Next, under Client Name, select Sort by > SUM of amount billed, and the table will reorder itself to show you the data in ascending order.
Now we can answer our question: We billed sample company "Questindustries" the most in 2017, at $1,700.
Which project type had the highest hourly rate on average?
Here, we're going to shift our analysis from looking at the total amount billed to the highest average hourly rate for each project type.
To do this, trade out Client Name for Project Type in the Rows section by clicking the top right X to clear your selection. Then select Project Type as your new rows value.
Then, in the Values section, remove Amount Billed and select Hourly Rate instead.
Then change the Values setting from SUM to AVERAGE in order to see the average amount billed, not the sum. You'll see that the highest average hourly rate we charged in 2017 was $68.00 for Copy Editing.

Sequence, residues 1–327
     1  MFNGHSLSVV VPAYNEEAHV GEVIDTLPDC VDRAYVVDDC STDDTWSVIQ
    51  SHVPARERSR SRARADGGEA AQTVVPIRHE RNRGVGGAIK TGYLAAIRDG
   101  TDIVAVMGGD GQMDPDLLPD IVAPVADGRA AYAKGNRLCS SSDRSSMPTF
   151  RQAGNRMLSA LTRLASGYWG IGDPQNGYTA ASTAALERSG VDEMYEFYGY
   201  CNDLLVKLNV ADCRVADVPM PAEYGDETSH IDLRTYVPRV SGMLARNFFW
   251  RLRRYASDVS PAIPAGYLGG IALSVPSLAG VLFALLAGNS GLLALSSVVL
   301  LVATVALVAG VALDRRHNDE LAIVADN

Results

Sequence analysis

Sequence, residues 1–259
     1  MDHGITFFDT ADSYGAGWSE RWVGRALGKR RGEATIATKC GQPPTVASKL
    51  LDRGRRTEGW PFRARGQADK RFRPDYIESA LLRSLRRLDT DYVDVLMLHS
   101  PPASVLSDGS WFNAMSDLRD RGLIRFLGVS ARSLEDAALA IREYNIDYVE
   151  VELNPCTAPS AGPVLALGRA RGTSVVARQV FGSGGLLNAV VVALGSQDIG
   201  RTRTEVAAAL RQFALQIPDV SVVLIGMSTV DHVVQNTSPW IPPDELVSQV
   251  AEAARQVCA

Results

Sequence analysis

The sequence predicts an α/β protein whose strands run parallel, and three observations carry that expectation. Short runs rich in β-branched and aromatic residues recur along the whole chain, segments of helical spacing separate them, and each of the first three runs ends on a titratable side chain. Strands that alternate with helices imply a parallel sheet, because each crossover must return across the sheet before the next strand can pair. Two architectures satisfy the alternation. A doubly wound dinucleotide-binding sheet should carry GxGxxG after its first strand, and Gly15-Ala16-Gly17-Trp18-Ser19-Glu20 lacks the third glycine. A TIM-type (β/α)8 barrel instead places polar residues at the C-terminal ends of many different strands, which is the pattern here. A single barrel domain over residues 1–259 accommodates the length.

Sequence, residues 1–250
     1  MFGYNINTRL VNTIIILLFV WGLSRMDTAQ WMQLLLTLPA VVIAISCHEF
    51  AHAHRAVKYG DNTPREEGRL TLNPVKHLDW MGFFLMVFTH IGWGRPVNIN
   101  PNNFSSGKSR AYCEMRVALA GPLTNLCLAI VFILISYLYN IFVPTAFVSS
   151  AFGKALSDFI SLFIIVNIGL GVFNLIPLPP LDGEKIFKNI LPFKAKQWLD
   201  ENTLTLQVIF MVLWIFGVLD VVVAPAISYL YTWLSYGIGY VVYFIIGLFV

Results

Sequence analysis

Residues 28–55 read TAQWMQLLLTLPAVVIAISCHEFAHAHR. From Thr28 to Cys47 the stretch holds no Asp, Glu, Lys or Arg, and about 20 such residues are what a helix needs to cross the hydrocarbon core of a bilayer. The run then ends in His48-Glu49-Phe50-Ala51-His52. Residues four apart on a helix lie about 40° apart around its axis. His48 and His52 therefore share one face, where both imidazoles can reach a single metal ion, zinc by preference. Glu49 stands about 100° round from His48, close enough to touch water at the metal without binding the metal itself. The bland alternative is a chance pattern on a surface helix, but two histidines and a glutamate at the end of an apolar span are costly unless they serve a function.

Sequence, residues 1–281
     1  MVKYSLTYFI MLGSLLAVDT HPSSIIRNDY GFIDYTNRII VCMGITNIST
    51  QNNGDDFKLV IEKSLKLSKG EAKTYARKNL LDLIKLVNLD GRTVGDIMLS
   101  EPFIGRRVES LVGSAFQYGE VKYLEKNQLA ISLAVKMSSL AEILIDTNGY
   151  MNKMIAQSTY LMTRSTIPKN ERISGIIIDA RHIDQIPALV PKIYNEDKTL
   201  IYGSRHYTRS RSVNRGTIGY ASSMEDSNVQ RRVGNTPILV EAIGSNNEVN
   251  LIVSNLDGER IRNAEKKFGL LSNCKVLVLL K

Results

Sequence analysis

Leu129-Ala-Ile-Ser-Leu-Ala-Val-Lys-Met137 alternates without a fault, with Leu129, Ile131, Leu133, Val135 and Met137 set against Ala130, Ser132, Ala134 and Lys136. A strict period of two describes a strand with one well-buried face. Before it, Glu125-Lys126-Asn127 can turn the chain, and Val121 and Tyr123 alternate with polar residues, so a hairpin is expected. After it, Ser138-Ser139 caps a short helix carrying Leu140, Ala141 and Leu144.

Zapier helps you get all of your company's data into Google Sheets without lifting a finger. Once you have all that data in one place, you need to analyze it—and now you can do that efficiently using pivot tables. With pivot tables in Google Sheets, you can unlock the potential of your data and distill the information for all stakeholders without using complicated formulas.
Once you've mastered the basics, try taking things to the next level. Use our sample spreadsheet to see what kinds of insights you can find with just a few clicks.